Unity to host workshop on coping with grief

Loss and grief are inevitable parts of our lives. How do we grieve the many forms of loss that life brings to us? Is there a right or a wrong way to grieve?

Tears are a common form of expression understood across cultures, particularly when a death occurs. For men, it is still somewhat unacceptable; a quick tear or two seems okay, but not outright sobbing.

Is there a correct length of time to express your grief? Wearing "widow's weeds" is a term for a mourning custom where the woman donned heavy, concealing, black clothing, and veils. Even today, in some countries such as Italy, Greece and Portugal, widows will wear black for the rest of their lives.

A social worker from The Gathering Place in Westlake shared with me a very simple, and understandable reason for grief. After the death of my mom, I sat with her for a couple of sessions, and one of the things I remember most from our meetings were five simple words: "We grieve because we love."

To give us greater insight into grieving, Reverend Therese Lee will be coming to Unity Spiritual Center of Westlake, 23855 Detroit Road, on Sunday, July 31, for an afternoon workshop on grief. A topic that many people find difficult to speak about, Unity Minister Rev. Lee shares how she is making her way through the grief process after the unexpected death of her husband, Reverend Dr. Tom Lee, four years ago.

She invites us to journey with her to "Walking Alongside Our Grief" just as she has been doing. Her workshop will look at healing as the ability to return to living again, and that grief comes with the intensity of many deep emotions that one must learn to cope with. She will also be the guest speaker at the 9 a.m. and 11 a.m. Sunday services on July 31.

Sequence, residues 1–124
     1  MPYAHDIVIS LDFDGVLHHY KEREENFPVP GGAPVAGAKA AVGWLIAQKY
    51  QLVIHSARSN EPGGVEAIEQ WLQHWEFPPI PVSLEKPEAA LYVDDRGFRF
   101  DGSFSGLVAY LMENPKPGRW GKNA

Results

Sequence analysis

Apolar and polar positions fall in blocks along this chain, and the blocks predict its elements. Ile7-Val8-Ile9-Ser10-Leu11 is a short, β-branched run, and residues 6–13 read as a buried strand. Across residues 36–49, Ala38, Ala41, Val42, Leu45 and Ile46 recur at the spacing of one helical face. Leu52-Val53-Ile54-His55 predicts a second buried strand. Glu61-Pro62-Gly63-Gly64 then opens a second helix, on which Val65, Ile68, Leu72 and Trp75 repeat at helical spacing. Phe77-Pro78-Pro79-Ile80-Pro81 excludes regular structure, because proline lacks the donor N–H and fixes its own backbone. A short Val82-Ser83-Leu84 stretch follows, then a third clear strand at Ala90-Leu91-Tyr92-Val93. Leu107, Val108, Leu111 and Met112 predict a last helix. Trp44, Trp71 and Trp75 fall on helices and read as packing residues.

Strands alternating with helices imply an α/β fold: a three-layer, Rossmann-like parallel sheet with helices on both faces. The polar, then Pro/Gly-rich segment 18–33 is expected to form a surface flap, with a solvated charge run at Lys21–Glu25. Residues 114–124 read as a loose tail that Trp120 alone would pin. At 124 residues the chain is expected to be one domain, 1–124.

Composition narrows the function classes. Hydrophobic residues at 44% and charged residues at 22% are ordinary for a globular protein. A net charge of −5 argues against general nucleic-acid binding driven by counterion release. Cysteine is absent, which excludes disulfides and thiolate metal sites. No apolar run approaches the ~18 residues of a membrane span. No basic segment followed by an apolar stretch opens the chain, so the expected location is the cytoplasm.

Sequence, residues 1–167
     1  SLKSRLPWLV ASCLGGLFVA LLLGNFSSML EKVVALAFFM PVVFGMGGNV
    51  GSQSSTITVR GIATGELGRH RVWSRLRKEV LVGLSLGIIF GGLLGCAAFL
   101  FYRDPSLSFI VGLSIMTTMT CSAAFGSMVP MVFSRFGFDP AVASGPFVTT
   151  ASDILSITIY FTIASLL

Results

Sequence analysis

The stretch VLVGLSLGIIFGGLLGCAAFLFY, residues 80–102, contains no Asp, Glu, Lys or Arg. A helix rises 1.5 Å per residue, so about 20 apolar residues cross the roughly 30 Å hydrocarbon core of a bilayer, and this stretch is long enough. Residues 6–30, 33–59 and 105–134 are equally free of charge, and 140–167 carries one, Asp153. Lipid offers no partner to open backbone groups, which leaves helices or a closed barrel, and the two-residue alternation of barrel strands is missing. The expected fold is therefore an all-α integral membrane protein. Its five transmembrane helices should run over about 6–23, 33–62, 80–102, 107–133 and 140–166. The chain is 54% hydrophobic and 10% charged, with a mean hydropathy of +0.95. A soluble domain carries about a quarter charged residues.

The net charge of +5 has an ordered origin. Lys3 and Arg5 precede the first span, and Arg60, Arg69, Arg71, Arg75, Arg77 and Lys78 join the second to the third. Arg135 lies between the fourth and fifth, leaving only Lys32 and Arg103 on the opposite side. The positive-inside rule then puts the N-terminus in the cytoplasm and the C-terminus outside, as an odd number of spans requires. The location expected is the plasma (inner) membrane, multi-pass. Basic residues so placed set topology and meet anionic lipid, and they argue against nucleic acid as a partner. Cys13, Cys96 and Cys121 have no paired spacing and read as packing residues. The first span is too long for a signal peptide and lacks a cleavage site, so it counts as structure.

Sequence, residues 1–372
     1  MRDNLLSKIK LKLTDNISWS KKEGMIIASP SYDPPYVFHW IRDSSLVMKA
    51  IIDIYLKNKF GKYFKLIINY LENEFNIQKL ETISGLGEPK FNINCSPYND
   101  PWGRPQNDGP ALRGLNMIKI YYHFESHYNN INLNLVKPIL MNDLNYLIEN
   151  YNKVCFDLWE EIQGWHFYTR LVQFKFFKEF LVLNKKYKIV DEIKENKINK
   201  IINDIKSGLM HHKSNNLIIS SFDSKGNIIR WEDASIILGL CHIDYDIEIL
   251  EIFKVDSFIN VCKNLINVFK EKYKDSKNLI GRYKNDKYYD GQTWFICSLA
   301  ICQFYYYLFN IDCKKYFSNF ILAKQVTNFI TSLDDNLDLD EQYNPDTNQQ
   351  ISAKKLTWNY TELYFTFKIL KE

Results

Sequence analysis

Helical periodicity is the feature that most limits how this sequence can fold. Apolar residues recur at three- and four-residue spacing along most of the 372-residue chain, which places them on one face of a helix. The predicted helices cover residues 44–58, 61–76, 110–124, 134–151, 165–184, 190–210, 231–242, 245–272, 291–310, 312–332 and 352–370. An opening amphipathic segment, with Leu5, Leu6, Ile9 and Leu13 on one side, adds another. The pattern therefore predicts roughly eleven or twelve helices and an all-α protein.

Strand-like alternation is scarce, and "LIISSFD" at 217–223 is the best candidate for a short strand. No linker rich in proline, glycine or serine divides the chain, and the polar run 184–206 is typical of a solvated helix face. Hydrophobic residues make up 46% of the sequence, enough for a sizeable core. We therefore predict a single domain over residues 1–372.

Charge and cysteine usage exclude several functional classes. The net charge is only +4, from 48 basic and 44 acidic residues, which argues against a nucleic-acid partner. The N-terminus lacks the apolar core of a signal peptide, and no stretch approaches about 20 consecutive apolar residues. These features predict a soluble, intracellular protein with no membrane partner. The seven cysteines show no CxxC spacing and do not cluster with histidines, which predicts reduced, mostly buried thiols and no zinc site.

Though psychiatrist Elizabeth Kubler Ross is well known for her work developing a model of grief with five stages, it is rarely as precise, neat or linear as she suggests. The stages of denial, anger, depression, bargaining and acceptance can be jumbled together, or one of the emotions felt much stronger and longer than others. Some people may never move out of one of the emotions, and remain stuck there.

It is important to realize no one's grief is a carbon copy of another's, but it also important to express the emotions of grief to be able to release them.

"We often don’t know what to do when a friend, or loved one is experiencing grief," said From Rev. Joanne Rowden of Unity Westlake. "It typically makes us feel uncomfortable, and so we want our loved one to get beyond it. We often are afraid to speak about the grief because we don’t know what to say, or what will be helpful. More often than not, the one experiencing grief does not need you to fix anything, what they need is a listening ear, a compassionate shoulder to cry on, or someone to just sit in the silence with them."

We have all heard it said that time heals all wounds, but Rose Fitzgerald Kennedy did not agree. She said, "The wounds remain. In time, the mind protecting its sanity, covers them with scar tissue and the pain lessens. But it is never gone." It's true, we grieve because we love.

Sharon Fedor

 I enjoy writing about USC's events. Everyone is welcome at Sunday services, or at our numerous classes, and worshops!

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Volume 8, Issue 14, Posted 9:45 AM, 07.19.2016